Just as Foreskin's Lament wasn't an atheist's outcry but that of an infuriated believer, so this is not an advocation of denial. Instead, it's an assault on any attempt to make the Holocaust something that can be contained in a scrapbook or a museum. In Auslander's hands, history is animate and terrifying: a dangerous, stinking squatter in the present. It's certainly not palatable and nor should it be. This is a funny book but, by God, it sticks in the throat.

12/03/2012

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The Independent on Sunday

Doug Johnstone

Auslander previously wrote a fantastic story collection, Beware of God, and a jaw-dropping memoir entitled Foreskin's Lament, but the form of the novel seems to have focused his anger and humour into truly fearsome weapons.

26/02/2012

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The Daily Telegraph

Gerald Jacobs

Many will find the theme too serious – and the attic-dweller too revered a person – for humour. But the disarming enormity of the laughter that Auslander creates compels attention to the shocking enormity of his subject matter. Humour can be a serious business. Thank God.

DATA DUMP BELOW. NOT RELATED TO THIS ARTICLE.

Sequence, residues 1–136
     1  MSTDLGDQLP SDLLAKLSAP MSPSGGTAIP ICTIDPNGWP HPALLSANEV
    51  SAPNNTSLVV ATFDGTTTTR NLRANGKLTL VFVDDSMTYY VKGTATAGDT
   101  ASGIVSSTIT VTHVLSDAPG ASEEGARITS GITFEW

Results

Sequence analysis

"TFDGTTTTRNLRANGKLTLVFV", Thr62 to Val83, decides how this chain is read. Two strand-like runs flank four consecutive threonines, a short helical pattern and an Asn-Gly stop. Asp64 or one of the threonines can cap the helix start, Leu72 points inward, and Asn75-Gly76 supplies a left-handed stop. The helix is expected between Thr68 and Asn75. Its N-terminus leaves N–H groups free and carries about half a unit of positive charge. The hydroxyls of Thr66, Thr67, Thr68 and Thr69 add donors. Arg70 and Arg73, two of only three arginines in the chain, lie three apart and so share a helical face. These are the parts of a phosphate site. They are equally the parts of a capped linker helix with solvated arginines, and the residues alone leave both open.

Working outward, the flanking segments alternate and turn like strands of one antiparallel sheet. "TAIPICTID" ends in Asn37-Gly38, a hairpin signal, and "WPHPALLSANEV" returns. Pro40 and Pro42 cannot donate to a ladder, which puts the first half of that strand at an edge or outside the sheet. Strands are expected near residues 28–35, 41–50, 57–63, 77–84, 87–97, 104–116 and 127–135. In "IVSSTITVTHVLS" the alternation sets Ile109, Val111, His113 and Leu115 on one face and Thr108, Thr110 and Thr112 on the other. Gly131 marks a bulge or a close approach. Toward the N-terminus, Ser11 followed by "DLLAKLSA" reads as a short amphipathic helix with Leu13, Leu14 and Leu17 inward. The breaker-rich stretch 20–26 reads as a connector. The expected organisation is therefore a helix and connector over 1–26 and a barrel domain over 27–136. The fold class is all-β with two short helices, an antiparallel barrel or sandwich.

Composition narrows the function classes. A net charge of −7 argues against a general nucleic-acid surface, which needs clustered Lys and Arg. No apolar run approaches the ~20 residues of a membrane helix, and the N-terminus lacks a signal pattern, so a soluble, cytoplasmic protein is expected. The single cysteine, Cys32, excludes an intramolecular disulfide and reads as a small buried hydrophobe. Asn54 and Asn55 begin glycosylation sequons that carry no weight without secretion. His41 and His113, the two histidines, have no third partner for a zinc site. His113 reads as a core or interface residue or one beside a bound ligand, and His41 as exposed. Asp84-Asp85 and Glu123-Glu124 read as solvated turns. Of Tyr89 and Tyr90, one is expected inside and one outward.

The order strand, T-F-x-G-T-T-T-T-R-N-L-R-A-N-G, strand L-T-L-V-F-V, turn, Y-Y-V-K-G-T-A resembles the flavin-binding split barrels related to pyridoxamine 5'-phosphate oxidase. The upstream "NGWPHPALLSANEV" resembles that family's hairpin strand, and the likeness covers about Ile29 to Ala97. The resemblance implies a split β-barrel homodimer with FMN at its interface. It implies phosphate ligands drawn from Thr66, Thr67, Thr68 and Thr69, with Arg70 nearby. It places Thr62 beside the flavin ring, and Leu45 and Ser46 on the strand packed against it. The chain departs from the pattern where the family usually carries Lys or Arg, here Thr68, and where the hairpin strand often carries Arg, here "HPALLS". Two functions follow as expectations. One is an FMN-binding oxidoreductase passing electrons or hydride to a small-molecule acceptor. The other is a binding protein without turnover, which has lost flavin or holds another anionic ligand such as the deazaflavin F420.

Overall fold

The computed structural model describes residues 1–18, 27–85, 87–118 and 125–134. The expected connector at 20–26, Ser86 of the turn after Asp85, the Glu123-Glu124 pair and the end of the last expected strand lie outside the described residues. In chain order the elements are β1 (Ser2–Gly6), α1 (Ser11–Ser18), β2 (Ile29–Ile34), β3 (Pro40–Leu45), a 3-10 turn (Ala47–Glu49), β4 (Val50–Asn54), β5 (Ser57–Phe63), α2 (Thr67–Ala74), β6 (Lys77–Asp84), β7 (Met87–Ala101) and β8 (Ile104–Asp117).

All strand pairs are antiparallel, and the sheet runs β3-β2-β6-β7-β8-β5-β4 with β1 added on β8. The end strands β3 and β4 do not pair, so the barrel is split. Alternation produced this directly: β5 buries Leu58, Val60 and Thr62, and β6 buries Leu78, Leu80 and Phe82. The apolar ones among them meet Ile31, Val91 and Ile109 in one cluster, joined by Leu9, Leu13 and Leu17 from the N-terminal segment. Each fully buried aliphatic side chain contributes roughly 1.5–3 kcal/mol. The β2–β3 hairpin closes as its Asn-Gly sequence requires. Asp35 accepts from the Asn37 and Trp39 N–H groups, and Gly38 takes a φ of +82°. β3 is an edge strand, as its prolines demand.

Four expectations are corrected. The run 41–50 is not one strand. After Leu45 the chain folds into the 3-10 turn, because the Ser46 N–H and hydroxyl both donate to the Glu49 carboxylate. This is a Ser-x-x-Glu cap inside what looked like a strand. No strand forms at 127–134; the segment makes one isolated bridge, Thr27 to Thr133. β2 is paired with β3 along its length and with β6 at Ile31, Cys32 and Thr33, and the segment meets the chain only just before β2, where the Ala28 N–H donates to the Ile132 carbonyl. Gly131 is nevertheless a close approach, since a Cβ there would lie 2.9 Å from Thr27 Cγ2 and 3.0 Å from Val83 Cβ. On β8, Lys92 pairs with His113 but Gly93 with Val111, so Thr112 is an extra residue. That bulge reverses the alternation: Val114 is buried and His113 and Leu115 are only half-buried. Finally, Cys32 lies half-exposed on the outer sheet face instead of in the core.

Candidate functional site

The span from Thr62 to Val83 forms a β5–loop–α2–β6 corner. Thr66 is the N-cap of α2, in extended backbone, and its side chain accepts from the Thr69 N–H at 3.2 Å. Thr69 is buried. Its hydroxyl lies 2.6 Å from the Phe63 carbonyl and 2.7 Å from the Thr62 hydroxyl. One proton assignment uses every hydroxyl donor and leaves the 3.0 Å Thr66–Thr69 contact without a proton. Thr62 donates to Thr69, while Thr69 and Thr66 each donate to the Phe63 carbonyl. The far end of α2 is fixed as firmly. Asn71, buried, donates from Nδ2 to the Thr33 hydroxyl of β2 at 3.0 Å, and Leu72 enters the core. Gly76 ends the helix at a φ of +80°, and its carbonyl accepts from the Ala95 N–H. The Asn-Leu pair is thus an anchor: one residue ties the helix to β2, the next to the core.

20/02/2012

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The Times

Melissa Katsoulis

Auslander’s stridently anti-literary style (“The sun was in the sky like a something. The breeze blew like a whatever”) is designed to show just how radical all this is. Not a novel to relish, then, but you’ll be picking bits of its strange meat out of your teeth for a long time to come.

25/02/2012

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The Financial Times

Henry Hitchings

At the outset this is dazzling. Yet the novel seems a succession of smart sketches rather than a sustained, authentic narrative. Anne and Solomon aside, the characters are wispily drawn. While the jokes are often inspired, the splenetic acts of transgression become repetitive.

24/02/2012